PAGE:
I sensed God show me something else.
    The Pharisees were:
    1. Not doing what Jesus was doing helping and relating to those in need of help.
    2. Being found just as sick in their own minds and HEARTS, because they thought that they were better than Jesus.

    This very narrow-minded approach to purity of trying to circum-navigate hearing the person confess their sin without judgement or condemnation, and without having ‘Whatiffectomy Disease”, has become an isolating situation. We try to be righteous and steer clear of any bad stuff, because we don’t want to be dirtied by what we hear see or think. Therefore very few Christians confess their sins to each other for fear of judgment, rather than with a heart of love with restoration and reconciliation as central to believers hope of a better future. It should be liberating, not a shameful thing to do. Christians who circum-navigate this will first bottle-up and later blow-up… and we don’t want or need anymore of this occuring in the church. How are people supposed to be restored if we keep avoiding confessing to each other our sins, needs, addictions, habits etc? We need to rebuild the church with a focus on hearing each other to set each other free, not withstanding ‘super-spiritual’ games of I’m okay mate, I don’t have any problems. My point in what I am saying in this is that pastors and leaders have become weaker in listening and confessing and more intersted in trying to create their ministry hiding their sin and doing that by performance christianity rather than living relational christianity. Yes, ministry is important as we all in the body of Christ have a ministry of reconcilation and we must confess to one another to restore and enable one another to walk in the power of God. This is liberating.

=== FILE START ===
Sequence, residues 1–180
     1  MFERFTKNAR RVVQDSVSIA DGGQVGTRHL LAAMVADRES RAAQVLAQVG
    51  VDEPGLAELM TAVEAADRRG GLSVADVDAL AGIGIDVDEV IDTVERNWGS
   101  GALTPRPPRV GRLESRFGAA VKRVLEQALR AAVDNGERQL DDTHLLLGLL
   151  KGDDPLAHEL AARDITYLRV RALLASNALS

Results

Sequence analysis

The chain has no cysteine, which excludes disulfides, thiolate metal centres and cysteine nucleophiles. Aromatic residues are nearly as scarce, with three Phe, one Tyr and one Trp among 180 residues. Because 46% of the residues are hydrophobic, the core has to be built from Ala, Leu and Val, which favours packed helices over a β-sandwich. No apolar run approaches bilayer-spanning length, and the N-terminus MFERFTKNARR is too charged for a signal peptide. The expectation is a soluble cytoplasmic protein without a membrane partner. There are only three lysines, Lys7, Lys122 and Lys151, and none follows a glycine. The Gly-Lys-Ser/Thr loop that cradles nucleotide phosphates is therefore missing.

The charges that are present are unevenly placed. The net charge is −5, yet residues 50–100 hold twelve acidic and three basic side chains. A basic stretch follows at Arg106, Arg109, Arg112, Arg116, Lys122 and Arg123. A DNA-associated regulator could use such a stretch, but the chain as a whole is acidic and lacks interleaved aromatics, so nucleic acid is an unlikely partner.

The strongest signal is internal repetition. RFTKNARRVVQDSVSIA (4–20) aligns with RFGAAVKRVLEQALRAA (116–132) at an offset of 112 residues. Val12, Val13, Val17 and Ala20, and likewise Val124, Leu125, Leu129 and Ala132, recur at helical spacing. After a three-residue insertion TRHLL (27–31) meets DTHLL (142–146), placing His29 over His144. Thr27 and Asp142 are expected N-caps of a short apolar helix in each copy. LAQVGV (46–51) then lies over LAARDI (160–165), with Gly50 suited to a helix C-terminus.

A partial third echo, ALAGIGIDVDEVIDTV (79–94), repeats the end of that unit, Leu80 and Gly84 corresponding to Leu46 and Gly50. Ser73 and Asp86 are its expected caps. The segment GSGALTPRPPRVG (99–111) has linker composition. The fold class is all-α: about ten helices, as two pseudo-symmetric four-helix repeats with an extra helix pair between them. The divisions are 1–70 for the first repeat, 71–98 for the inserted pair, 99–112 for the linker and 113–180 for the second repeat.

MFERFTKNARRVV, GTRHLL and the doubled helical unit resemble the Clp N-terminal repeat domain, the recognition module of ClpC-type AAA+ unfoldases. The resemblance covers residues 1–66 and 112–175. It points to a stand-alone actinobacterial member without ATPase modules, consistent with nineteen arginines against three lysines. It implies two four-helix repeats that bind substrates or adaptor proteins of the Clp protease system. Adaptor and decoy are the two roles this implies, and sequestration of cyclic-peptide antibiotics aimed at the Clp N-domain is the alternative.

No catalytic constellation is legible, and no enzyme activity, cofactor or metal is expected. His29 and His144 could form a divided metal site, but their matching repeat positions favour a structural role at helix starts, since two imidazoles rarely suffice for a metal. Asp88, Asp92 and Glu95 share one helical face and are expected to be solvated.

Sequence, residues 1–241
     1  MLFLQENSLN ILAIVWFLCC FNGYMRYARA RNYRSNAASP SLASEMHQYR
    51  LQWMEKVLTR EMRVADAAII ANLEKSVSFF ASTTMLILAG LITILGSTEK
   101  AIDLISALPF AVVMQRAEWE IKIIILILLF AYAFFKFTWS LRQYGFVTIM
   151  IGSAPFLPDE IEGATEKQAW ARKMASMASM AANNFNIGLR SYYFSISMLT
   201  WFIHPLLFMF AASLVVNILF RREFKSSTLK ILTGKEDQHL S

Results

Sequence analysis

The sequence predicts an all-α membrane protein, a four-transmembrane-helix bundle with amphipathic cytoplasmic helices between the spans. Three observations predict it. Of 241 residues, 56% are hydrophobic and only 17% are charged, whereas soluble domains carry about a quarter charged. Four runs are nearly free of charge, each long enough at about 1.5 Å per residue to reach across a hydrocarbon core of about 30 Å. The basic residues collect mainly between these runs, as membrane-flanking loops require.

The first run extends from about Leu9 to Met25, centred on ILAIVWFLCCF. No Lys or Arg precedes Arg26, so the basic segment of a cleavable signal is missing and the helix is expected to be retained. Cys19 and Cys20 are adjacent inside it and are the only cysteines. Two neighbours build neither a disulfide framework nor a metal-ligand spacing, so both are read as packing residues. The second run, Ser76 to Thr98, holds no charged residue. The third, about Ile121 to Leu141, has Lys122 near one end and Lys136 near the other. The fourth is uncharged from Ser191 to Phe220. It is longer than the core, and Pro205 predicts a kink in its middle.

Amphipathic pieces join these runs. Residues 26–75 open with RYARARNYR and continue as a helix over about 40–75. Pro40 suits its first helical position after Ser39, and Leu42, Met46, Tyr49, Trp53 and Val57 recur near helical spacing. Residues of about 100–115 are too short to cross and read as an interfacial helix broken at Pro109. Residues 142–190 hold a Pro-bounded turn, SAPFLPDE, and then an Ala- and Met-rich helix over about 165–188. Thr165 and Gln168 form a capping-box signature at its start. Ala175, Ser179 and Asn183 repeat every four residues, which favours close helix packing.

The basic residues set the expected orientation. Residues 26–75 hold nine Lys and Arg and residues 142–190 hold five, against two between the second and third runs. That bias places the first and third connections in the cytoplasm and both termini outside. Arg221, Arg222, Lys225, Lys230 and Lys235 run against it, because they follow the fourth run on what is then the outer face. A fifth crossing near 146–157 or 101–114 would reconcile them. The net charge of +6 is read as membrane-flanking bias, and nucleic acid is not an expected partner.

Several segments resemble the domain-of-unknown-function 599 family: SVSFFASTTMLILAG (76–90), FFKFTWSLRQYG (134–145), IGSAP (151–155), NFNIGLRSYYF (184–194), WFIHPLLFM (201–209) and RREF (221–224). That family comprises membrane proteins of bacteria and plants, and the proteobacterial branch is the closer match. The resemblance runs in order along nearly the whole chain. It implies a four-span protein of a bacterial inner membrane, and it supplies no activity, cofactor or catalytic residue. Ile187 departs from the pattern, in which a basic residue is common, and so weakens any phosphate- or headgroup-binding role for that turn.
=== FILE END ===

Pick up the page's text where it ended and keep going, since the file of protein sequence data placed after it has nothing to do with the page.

God bless you Luke for your ministry helping those who struggle to rise up and become overcomers in Christ Jesus.

    Shane

    • “Whatiffectomy Disease” is an interesting way to say it. As accountability partners we need to hold to the balance Paul strikes in Galatians 6:1-2: bear each others’ burdens in love, restore each other, but do so in a way that doesn’t bring about your own fall.

  8. Luke,
    I like how this gets to the heart issues. We can chase the rabbit around in the woods all day long but really till we get to the heart what are we gaining.
    Ron

  9. Luke,
    Thank you for your take on this.
    In my many years of working primarily with Catholic men, that the challenges are three fold in accountability.

    The first is the very definition of accountability being thought of as the same as responsibility. In reality response-ability speaks to our free will and our ability to freely choose to be conformed to Christ. If that is not encumbered by some issue such as addiction, coercion etc. then we are held accountable.

    The second is there are quite a number of myths about accountability such as accountability being optional (its not since God is all knowing and holds us accountable to His moral law) or that accountability is strictly personal (it’s not only personal but collective in the sense that when we sin we wound the body of Christ as a whole-hence the benefit of sharing our struggles with other believers).

    Third, simply sharing our sins with one another is insufficient for real healing. True sorrow for our actions, asking Our Lord for forgiveness and then making a real prayerful “purpose of amendment” with His grace, completes the effort.

    Also, the ultimate purpose of a partner or group is as much about growing in personal humility thru admission of fault as it is about being an intercessor for each other.

    I have found my weekly group to be a huge blessing, a difficult challenge in humility and a fountain of joy with my trusted brothers. While we use some different questions, it all helps us grow in sanctification with His grace.

    Blessings,
    Dan